I want to re-mention another book, available only in paperback. Lady of the Loch. The Incredible Story of Britain’s Oldest Osprey is by Helen Armitage. There are a couple of ways it is different than the Brown volume. It is newer, written in 2011. The book covers the reintroduction of the Osprey to Scotland also but does it by focusing on a single bird, Lady, at the Loch of the Lowes. Lady raised 48 chicks migrating to Africa and back 20 times. That is simply astounding. Armitage’s book is different in another way. The lens is female, a welcome change when the majority of books on Osprey are written by men. She includes details not found in other volumes including one that I found particularly interesting. In trying to protect the Osprey, “In September 1899, Queen Victoria confirmed that certain regiments would stop wearing osprey plumes…” She also notes that it was women who continued the fight to stop the use of bird plumes including the Duchess of Portland who became the head of the Society for the Protection of Birds. It is time to think of fall reading and these are two really excellent books to curl up with.

In nest news, it appears that Bukacek or Father Stork is the only member of his family sleeping on the nest at Mlade Buky.

It is possible that both Pankrac, the female, and Servac, the male are with other fledglings preparing for their migration?

The normal practice with raptors is the female leaves for migration first. The male remains feeding the fledglings and bulking up himself. Once the fledglings depart, the male begin his long journey. Is this also the same ritual for storks?

I had a beautiful letter from a reader, ‘S’. She confirms the special status of storks in her country, Latvia. The people of Latvia have a special name for the White Storks, svētelis. She says the term speaks to the “embodiment of something holy and brings peace and protection from bad things.” This belief explains so much about the great love the people of Latvia have for their storks and that same understanding of storks being special must extend to surrounding countries where people go to great lengths to care for these amazing birds.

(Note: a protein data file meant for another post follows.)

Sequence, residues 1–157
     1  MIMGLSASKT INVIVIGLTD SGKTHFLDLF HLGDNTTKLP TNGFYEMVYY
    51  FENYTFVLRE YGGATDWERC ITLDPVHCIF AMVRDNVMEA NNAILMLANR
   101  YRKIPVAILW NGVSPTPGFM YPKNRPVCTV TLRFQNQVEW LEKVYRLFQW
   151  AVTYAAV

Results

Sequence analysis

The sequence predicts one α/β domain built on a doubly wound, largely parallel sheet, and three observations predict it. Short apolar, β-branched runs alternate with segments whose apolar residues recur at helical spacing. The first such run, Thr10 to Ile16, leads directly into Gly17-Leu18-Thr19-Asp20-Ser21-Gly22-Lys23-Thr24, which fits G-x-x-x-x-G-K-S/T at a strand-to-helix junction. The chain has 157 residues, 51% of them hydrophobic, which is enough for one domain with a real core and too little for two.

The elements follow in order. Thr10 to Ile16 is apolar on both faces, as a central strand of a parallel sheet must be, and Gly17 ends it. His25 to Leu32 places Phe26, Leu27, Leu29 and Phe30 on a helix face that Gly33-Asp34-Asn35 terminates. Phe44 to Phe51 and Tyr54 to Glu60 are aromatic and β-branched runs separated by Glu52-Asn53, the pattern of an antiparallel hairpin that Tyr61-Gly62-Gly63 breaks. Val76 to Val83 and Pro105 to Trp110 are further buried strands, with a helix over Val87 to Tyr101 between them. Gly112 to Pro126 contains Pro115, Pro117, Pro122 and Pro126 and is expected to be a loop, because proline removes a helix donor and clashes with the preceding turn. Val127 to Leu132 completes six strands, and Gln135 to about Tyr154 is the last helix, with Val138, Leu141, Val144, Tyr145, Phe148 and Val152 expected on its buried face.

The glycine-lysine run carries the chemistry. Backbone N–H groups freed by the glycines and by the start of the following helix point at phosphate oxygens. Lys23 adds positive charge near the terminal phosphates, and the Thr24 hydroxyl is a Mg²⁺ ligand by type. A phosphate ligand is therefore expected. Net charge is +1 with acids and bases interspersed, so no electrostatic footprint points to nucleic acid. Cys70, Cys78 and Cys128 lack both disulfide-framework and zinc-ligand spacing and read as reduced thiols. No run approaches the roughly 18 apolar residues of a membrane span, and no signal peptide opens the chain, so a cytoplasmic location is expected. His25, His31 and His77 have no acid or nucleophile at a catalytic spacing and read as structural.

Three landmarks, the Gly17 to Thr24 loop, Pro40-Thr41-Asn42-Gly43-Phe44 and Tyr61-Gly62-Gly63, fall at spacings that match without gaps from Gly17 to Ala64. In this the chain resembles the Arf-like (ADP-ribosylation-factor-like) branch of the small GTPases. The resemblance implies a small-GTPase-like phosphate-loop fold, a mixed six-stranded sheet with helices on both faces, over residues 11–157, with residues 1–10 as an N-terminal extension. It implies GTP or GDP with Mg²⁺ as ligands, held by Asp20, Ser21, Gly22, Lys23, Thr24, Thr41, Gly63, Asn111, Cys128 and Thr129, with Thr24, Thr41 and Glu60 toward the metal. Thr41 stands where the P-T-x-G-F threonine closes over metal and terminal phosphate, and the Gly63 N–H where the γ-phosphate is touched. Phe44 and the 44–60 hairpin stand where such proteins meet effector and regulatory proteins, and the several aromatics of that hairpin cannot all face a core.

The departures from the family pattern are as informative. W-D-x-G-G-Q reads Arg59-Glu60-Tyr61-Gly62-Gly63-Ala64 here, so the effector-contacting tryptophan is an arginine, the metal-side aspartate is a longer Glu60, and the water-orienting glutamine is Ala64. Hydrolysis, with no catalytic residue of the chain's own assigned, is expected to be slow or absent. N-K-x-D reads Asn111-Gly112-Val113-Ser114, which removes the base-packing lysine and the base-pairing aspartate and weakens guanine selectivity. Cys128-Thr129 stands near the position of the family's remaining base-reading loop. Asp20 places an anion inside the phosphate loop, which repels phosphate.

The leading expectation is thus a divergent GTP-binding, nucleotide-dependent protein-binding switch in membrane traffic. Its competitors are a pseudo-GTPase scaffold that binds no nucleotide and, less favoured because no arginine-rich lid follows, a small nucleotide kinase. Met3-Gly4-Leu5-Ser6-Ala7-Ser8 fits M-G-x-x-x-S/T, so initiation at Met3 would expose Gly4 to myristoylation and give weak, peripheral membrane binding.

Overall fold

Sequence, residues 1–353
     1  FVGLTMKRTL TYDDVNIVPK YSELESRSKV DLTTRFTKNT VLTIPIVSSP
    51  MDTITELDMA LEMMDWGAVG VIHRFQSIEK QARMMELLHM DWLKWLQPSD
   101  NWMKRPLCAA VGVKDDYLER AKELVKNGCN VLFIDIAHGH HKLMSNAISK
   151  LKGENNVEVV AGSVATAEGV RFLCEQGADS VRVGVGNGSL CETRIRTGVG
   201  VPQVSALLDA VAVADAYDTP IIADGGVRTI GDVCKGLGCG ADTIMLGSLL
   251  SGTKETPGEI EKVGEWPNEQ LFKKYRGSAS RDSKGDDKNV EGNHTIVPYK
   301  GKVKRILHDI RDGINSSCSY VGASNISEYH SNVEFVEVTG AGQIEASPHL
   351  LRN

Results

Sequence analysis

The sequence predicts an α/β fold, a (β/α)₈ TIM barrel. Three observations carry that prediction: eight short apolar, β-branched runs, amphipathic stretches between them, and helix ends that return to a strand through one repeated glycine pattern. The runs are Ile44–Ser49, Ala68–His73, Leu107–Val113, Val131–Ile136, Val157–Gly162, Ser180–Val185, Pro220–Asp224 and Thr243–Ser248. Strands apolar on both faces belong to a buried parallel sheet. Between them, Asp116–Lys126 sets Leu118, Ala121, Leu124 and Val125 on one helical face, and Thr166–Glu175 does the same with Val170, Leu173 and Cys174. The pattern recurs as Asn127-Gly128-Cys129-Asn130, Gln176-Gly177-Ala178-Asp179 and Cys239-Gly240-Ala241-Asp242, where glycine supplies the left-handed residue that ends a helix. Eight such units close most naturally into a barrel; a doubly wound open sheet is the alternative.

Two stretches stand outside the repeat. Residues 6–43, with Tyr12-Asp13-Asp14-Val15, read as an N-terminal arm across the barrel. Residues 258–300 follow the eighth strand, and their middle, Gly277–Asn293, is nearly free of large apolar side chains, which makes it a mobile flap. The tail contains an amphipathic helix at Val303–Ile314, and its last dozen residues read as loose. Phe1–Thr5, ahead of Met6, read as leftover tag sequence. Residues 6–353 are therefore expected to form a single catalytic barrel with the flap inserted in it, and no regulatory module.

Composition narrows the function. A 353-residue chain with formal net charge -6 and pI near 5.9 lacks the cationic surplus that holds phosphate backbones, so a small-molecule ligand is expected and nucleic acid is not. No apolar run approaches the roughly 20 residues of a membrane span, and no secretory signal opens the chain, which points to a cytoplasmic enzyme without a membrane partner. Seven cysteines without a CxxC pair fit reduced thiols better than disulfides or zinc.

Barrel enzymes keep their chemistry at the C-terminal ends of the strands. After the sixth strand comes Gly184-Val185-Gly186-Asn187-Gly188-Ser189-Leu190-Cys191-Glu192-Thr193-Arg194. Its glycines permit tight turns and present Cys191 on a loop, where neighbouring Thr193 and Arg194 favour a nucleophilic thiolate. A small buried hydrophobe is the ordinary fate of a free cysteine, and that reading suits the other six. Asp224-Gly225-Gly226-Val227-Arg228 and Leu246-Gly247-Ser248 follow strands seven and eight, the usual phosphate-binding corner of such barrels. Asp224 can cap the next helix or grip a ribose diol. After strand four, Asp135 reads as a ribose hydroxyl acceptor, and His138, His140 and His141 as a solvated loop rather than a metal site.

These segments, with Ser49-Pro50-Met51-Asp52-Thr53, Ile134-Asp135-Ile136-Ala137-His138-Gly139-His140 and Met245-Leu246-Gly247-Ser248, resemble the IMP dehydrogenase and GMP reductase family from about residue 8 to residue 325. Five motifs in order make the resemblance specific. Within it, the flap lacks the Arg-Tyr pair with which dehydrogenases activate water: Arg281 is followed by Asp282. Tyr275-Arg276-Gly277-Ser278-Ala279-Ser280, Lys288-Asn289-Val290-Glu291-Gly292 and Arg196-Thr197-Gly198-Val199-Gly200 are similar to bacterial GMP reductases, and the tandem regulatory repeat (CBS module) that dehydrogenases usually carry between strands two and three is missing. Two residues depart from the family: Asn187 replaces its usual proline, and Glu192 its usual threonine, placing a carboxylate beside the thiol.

In regards to the migration of the storks, ‘S’ says that every year the storks gather on the trees, the roofs of all the houses and buildings, as well as on the electricity poles close to where she lives. When they are all ready to leave they begin clacking their bill together similar to what they do when the storklings are wanting food. Close your eyes and try to imagine how wonderful it would be to see this enormous gather of storks, each being called by the winds to begin their journey. The only equivalent we have in Manitoba are the Canada Geese. Every year they gather on the large ponds near to our nature centre, Fort Whyte. They arrive as the sun is setting calling one another. It is extremely moving. I can only imagine if it were storks!

There are several videos on YouTube about Klepetan and Malena, the famous Croatian white storks and the man, Sljepan Vokic, who has cared for Malena for more than 22 years. Sometimes, it is nice to see one of those videos just to remind ourselves that the world is full of kind caring people.

Skipping down to Australia, the two little sea eaglets, 27 and 28, are doing really well. It is mystifying watching Lady feed them the tiniest morsels of fish from her large beak.

Just look at the size of fish flake Lady is feeding to 28. She is so gentle.

There is plenty of fish in the nest and, so far, I have not seen any signs of food competition. Both of the little ones have nice tiny crops after their feedings. So far, so good. Fingers crossed it keeps up. Indeed, the only cheekiness I have seen is 28 trying to take a bite of 27’s head!

I love the look in Lady’s face as she stares at those two precious little fluffy bobbles. In many ways Lady reminds me of NC0 on the Loch of the Lowes nest in that she has grown into being an excellent – and loving – mother.

There is a gentleness about her movements with the two chicks this year that is striking. These moments of both of them tenderly tucked under mom will pass so quickly – they grow so fast!

A quick early Monday morning check on the UK Osprey nests reveals that Aran and Mrs G have been on the nest together since approximately 4 am.

Amidst the bleating of the sheep and the cows mooing, Aran brought in a fish for Mrs G and did a survey of their nest.

It is reported that Aran’s wing is much improved. He is flying more and fishing for himself as well as delivering fish to Mrs G. This is all good news since it was unknown at the time of his wing injury in late May whether or not he would be healed in time for migration.